As Kerrie, Kelly and Jackie look on, another volunteer uses a stick with handles at the top to gently probe the sand where the team believes the nest might be located. Looking for “the soft spot,” she feels a slight release, indicating a nest is likely below. Two volunteers carefully begin to dig out the sand, searching for eggs.
“They dig with their rear flippers,” explains Mary. “And cover with all of them.”
Just a few inches beneath the surface, a broken egg about the size and color of a ping-pong ball is discovered, and then another.
“They’re very shallow,” says Mary, who collects the eggs’ remnants so DNA samples can be obtained that will allow them to track the mother’s future nesting activities. She surmises the mother turtle inadvertently broke them while burying the rest of the cache with her powerful flippers. Moments later, volunteers discover 124 more eggs neatly packed at the base of the narrow, 12-inch deep hole. Because the nest doesn’t appear to be high enough on the beach to avoid the rising tide, the team begins the process of moving it to a more suitable location near the dunes
“We’ve had three nests this year,” Mary tells Kerrie, Kelly and Jackie. “Y’all are lucky to find this one!”
Once the eggs are counted and buried back in the sand in their new spot, the team marks the location of the nest with a familiar bright orange sign (the official “discoverers” of the nest are listed on the back). A thin rope connected to three stakes is placed around the space. It will take anywhere from 45 to 65 days for the eggs to hatch, but until then, Kerrie, Kelly and Jackie will check back regularly to make sure the area is undisturbed and protected.
“We’re looking for signs of ghost crabs and ants!” says Kerrie. “They can get into the nest and eat the eggs. Sometimes they can destroy a whole nest! It’s important to check all the nests in our section for these disturbances as well as continue to look for turtle tracks each morning.”
Special scientific equipment is used to assess the exact time the nest might “boil,” or hatch. Kerrie, Kelly and Jackie will each be notified so they can be present as the tiny turtle babies make their way towards the ocean for the first time.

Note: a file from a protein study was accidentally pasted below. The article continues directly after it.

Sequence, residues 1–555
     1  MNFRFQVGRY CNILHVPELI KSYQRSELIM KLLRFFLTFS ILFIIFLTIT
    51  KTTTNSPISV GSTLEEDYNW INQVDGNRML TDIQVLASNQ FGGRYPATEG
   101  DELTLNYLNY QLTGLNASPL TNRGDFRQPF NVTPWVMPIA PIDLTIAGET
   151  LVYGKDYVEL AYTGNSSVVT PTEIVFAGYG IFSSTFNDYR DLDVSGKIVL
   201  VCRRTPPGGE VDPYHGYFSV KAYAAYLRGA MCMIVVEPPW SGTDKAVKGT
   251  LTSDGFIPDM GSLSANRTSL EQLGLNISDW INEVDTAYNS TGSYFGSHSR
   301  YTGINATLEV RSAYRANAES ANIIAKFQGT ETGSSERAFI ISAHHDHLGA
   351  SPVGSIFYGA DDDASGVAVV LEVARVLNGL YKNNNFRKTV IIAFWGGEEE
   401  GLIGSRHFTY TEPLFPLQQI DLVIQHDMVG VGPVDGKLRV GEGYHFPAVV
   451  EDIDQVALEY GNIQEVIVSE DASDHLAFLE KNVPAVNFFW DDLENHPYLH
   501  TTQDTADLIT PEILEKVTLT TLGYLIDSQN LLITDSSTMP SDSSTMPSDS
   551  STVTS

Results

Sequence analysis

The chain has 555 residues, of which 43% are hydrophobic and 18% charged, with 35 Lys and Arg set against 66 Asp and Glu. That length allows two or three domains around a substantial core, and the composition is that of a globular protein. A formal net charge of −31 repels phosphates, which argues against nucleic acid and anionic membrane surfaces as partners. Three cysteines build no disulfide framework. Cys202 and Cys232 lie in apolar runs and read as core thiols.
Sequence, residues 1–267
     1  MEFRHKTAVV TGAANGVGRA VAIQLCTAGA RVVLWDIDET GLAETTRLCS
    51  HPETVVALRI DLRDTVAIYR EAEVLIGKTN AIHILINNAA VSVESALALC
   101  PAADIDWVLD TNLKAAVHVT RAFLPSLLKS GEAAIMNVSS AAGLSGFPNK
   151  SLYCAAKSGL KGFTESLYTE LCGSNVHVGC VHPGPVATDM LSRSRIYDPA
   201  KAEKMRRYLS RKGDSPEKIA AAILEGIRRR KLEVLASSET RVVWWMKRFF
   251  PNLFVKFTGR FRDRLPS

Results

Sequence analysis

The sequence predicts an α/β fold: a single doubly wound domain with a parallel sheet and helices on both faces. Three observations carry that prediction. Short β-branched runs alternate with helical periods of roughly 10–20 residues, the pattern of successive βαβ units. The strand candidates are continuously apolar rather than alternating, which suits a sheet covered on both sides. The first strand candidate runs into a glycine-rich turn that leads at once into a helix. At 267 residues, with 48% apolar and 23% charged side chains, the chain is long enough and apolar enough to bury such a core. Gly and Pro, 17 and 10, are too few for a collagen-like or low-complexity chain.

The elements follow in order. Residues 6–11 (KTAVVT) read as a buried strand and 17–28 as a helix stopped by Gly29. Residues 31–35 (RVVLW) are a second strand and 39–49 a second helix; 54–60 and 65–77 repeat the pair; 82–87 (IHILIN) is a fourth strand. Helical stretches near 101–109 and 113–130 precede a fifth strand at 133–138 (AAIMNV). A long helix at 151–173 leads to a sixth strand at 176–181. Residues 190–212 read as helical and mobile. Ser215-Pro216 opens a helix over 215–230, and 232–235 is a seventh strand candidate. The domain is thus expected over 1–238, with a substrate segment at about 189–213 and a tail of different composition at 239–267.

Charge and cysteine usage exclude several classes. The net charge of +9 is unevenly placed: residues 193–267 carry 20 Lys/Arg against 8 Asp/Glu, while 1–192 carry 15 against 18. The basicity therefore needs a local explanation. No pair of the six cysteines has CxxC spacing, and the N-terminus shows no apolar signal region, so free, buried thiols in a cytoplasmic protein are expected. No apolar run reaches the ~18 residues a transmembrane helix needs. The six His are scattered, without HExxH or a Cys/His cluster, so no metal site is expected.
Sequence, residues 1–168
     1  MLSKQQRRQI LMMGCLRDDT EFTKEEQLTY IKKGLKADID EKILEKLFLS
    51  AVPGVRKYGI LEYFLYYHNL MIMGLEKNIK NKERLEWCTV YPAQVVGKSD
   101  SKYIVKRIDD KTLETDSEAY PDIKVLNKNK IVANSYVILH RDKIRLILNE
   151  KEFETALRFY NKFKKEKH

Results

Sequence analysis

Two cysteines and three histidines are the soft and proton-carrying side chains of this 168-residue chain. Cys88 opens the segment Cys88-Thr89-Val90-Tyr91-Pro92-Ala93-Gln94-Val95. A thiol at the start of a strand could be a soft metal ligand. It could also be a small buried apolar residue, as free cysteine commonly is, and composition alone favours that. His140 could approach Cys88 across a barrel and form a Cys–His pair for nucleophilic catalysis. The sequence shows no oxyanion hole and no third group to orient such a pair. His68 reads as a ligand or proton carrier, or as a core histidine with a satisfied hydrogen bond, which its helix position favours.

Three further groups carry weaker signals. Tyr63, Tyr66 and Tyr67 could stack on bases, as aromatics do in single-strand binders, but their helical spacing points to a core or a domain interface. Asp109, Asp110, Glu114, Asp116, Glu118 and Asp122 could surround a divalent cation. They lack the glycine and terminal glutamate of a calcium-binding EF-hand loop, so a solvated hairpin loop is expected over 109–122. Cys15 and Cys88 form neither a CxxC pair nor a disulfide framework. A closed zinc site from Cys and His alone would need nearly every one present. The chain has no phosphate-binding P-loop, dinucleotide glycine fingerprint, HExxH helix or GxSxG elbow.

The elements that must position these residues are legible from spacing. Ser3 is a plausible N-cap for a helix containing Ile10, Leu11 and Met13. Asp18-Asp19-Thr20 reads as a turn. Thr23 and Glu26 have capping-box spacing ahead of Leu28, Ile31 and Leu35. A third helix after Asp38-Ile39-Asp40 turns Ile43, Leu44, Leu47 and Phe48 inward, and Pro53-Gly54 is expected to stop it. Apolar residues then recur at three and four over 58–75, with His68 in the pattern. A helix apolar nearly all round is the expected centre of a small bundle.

“We’re definitely camping out!” says Kerrie.
The turtle team conducts an inventory of the hatchlings about three days after the boil, and places them inside a red bucket for counting. That way they can determine if all of the babies are accounted for. Some will have already made their trek to the sea, but a few might remain in the nest.
“It’s really cool!” adds Kelly. “…It’s very common to see three little babies going towards the water. They kind of straggle a little. They don’t all go at once.”
“They’re just a little bit bigger than your toe and they release them into the ocean,” says Kerrie. “It’s amazing…They are fascinating creatures.”
Kerrie and Kelly, who often bring their children along, say they have learned a tremendous amount about turtles since joining the volunteer beach patrol. “Momma turtles,” explains Kerrie, “can nest up to six times a season, laying a total of 600 to 800 eggs.”
“They then take a year or two off and then they can start nesting again,” she adds. “She doesn’t come back to the nest once the eggs are laid.”
But that’s where the turtle team volunteers come in, to make sure everything goes exactly as planned for the hatchlings’ journey. Last year, there were some 4,628 turtle nests documented in South Carolina, with a total of 68 on Isle of Palms and Sullivan’s Island.
Like protective parents, Kerrie and Kelly take their jobs watching over turtle eggs very seriously. Come August, when the Daniel Island friends gather to see the hatchlings from today’s nest discovery make their way to the water, they will surely reflect on their contributions to the process. And every early morning they gave to the cause, patrolling the beach while wiping sleep from their eyes, will be well worth the time.
“I love the whole experience,” says Kelly, on the drive back to Daniel Island after their eventful morning. “I feel like I am really taking advantage of what’s here…For us, it’s about teaching our children, showing them how to take care of what’s around you, and appreciating what’s around you.”